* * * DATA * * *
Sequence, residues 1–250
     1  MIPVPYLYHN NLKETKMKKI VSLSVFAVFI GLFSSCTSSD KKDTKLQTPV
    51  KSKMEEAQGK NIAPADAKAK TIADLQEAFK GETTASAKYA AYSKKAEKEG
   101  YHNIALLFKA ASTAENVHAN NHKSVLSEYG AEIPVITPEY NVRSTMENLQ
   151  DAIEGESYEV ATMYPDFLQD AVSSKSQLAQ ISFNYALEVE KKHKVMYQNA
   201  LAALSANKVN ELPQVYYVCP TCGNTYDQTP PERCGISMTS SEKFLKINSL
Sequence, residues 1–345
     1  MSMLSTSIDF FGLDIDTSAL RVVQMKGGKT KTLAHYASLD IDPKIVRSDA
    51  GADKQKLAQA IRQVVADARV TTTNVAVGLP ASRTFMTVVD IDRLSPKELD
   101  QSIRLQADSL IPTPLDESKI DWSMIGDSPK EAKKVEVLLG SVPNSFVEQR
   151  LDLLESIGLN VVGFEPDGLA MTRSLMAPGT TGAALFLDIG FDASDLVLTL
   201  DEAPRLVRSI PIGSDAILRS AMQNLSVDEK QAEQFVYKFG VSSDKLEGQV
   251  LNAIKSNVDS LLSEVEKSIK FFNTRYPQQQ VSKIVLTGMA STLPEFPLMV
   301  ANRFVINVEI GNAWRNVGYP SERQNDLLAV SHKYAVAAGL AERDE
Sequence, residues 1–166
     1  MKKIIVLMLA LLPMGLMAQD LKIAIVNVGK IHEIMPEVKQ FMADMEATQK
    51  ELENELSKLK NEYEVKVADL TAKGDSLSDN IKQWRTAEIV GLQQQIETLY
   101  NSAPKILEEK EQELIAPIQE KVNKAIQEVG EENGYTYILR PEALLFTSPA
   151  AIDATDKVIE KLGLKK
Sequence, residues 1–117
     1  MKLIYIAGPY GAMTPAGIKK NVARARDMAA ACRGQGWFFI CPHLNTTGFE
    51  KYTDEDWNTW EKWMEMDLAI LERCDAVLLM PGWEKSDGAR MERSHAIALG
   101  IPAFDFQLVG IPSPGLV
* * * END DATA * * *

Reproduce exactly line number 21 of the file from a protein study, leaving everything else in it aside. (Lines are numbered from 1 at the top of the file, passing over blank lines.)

     1  MKLIYIAGPY GAMTPAGIKK NVARARDMAA ACRGQGWFFI CPHLNTTGFE